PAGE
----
The problem [Pauline] Kael undertook to address when she began writing for The New Yorker was the problem of making popular entertainment respectable to people whose education told them that popular entertainment is not art. This is usually thought of as the high-low problem — the problem that arises when a critic equipped with a highbrow technique bends his or her attention to an object that is too low, when the professor writes about Superman comics. In fact, this rarely is a problem: if anything profits from (say) a semiotic analysis, it’s the comics. The professor may go on to compare Superman comics favorably with Homer, but that is simply a failure of judgment. It has nothing to do with the difference in brows. You can make a fool of yourself over anything.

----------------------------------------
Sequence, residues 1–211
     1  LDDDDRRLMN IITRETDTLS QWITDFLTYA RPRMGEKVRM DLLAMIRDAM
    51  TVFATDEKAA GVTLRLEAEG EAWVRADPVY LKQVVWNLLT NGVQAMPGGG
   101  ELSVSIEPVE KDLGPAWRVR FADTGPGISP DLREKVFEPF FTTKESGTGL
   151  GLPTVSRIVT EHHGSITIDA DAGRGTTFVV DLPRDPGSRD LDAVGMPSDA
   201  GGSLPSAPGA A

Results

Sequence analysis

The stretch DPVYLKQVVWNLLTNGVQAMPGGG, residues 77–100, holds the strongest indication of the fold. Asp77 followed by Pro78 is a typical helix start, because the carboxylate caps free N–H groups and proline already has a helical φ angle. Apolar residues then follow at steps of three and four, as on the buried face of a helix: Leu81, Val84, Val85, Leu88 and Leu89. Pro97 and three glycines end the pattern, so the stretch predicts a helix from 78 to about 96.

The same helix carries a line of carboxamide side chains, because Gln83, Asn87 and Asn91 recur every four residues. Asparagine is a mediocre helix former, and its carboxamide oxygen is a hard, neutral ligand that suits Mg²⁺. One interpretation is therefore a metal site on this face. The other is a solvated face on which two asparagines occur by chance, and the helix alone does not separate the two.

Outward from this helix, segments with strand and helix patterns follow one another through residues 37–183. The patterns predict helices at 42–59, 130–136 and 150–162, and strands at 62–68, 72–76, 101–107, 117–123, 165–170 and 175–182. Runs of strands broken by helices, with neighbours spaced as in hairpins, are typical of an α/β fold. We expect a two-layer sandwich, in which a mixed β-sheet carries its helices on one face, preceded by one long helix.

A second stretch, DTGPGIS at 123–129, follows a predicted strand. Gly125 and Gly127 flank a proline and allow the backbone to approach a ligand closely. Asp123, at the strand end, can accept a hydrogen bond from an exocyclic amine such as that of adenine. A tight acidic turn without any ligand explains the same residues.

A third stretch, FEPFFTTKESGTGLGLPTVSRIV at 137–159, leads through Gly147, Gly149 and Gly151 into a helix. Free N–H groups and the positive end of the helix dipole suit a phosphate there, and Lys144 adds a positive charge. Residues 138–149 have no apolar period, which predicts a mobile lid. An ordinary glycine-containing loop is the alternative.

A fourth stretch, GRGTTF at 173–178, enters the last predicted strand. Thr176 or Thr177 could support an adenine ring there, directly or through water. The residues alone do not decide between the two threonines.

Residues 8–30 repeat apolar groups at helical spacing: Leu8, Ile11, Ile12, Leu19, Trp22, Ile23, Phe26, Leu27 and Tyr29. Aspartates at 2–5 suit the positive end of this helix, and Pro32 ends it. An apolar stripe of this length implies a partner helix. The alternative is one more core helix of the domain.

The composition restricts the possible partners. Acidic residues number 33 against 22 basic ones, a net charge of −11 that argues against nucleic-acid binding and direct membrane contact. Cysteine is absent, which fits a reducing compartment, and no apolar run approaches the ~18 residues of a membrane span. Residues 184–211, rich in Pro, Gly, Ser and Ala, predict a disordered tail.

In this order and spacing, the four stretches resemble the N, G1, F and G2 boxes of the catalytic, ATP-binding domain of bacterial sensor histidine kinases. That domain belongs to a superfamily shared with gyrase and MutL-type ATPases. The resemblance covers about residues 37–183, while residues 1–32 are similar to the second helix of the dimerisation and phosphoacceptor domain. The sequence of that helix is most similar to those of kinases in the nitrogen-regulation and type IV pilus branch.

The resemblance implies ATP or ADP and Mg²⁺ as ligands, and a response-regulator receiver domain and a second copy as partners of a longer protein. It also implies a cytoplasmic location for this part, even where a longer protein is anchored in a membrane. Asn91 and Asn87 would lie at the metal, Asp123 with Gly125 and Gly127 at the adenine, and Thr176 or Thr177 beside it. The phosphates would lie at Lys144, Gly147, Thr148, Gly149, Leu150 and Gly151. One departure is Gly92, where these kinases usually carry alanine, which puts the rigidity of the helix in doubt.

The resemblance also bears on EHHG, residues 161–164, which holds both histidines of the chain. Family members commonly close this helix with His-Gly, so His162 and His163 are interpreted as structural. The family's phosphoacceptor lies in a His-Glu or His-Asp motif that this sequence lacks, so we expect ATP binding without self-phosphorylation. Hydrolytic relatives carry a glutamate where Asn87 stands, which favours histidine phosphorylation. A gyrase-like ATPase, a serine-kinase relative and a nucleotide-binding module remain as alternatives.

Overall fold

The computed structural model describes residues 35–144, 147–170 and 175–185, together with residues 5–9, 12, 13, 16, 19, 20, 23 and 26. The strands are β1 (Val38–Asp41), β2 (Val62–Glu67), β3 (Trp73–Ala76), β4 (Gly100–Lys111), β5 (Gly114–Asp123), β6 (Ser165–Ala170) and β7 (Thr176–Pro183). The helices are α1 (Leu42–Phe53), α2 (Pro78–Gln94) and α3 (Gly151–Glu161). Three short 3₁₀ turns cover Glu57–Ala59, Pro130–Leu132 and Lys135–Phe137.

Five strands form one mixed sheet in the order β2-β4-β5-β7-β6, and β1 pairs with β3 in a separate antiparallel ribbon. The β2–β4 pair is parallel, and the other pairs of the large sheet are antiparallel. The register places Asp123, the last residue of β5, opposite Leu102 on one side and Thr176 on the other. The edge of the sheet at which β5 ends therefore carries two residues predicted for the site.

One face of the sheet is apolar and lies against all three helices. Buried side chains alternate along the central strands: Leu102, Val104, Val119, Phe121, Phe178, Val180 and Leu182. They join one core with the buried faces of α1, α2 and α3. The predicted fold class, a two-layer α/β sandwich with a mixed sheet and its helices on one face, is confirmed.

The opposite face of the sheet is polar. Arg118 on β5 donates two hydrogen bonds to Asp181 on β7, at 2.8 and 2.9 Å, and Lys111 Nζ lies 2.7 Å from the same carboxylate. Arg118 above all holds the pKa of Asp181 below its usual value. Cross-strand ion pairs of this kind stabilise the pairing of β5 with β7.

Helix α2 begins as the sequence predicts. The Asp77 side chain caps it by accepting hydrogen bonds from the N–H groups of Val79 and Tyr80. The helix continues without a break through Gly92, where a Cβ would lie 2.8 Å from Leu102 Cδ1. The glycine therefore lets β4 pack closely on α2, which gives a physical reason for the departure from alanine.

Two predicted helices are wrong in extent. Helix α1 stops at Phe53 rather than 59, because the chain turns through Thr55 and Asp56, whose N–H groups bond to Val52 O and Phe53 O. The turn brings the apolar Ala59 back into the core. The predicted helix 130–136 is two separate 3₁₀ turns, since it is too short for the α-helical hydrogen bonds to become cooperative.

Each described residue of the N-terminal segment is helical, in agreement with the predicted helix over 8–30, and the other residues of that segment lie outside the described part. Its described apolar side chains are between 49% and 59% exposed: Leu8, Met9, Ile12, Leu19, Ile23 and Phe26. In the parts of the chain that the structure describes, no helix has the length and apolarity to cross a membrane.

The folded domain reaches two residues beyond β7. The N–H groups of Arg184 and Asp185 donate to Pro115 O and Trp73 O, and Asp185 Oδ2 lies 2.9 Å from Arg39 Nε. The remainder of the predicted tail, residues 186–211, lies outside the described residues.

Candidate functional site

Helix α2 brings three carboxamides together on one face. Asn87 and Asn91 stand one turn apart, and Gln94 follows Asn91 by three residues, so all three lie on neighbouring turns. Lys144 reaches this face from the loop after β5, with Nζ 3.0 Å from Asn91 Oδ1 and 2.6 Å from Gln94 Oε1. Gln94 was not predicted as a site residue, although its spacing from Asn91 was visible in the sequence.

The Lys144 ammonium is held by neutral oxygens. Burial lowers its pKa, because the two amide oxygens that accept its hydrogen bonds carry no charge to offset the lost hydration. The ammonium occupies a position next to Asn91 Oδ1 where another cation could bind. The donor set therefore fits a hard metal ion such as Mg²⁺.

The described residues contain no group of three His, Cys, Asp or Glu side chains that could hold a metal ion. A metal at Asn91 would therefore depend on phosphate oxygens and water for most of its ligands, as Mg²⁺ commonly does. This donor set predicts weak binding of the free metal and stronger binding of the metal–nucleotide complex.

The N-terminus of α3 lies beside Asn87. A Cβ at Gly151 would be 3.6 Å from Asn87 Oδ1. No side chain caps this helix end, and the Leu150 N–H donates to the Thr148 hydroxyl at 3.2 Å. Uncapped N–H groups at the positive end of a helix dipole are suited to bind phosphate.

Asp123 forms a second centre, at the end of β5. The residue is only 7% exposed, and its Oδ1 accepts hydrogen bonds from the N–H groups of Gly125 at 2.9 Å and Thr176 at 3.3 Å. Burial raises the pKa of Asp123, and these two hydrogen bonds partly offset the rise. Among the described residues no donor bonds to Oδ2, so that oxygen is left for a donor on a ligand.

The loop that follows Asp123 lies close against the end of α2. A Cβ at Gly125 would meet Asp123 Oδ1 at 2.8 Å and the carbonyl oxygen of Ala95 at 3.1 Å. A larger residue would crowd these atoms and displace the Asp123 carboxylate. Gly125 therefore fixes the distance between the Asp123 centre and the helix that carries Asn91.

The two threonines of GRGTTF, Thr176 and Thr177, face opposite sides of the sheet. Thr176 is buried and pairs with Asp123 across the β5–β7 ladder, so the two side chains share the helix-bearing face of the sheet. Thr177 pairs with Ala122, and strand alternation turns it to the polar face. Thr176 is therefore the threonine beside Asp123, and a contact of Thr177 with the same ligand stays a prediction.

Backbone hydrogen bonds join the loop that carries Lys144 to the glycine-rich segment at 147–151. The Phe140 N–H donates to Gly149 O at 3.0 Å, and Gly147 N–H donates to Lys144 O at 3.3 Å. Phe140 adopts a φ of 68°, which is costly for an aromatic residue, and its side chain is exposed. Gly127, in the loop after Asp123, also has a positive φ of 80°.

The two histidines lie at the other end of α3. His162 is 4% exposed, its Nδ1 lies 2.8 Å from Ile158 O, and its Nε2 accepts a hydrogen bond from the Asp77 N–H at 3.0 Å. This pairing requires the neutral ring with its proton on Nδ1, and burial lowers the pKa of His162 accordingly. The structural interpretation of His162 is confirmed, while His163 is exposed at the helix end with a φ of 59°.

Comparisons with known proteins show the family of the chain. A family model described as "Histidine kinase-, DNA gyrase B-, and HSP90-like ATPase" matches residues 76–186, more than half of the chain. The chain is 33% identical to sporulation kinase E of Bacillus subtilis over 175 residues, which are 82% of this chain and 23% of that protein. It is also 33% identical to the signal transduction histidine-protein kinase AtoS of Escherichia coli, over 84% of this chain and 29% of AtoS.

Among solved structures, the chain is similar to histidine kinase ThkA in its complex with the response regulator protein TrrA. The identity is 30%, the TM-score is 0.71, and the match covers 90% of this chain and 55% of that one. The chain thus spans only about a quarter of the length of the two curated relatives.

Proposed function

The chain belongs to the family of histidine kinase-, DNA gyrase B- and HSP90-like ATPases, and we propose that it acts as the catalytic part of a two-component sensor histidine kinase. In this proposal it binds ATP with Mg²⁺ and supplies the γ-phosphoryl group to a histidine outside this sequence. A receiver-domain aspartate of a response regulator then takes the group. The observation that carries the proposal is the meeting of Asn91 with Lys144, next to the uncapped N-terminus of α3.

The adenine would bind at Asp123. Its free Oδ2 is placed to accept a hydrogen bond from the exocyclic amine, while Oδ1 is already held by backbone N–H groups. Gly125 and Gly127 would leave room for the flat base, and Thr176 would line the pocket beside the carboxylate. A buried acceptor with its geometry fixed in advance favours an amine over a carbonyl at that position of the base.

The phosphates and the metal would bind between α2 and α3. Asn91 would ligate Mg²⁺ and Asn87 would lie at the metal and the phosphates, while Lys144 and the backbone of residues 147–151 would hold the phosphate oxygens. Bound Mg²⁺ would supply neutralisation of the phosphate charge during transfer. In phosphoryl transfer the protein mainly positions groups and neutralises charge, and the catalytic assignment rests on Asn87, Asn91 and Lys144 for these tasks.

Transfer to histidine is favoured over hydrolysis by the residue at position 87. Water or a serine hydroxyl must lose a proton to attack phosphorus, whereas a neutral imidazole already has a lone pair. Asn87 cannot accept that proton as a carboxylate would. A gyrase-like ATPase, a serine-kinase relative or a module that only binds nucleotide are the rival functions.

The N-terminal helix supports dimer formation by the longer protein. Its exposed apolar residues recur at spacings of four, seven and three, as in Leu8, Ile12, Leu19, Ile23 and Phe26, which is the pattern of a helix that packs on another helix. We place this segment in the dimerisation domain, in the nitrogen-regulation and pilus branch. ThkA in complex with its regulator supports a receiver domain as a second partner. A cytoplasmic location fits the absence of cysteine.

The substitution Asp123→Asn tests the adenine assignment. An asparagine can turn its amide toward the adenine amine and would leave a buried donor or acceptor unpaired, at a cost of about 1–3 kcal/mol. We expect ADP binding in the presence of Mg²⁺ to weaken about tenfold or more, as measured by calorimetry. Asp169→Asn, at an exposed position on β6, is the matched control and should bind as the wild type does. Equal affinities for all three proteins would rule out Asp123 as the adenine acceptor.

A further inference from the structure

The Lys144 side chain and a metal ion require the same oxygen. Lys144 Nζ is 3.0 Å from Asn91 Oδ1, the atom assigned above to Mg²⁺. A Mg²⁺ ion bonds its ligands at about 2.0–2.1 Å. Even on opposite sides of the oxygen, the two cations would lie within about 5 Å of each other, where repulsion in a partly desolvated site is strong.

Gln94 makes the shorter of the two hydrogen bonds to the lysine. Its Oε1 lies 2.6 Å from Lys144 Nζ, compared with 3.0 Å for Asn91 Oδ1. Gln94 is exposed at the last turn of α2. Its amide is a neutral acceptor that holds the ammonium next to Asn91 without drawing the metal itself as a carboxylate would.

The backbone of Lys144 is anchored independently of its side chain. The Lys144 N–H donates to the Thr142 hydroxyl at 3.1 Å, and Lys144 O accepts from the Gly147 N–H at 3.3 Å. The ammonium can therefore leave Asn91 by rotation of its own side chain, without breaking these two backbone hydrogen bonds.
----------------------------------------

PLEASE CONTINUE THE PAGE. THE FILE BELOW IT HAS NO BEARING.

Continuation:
The real high-low problem doesn’t arise when the object is too low. It arises when the object isn’t low enough. Meet the Beatles doesn’t pose a high-low problem; Sgt. Pepper’s Lonely Hearts Club Band does. Tom Clancy and Wheel of Fortune don’t; John le Carré and Masterpiece Theater do. A product like Sgt. Pepper isn’t low enough to be discussed as a mere cultural artifact; but it’s not high enough to be discussed as though it were Four Quartets, either. It’s exactly what it pretends to be: it’s entertainment, but for educated people. And this is what makes it so hard for educated people to talk about without sounding pretentious — as though they had to justify their pleasure by some gesture toward the ‘deeper’ significance of the product.
— Louis Menand, “Finding It at the Movies,” New York Review of Books, 3/23/95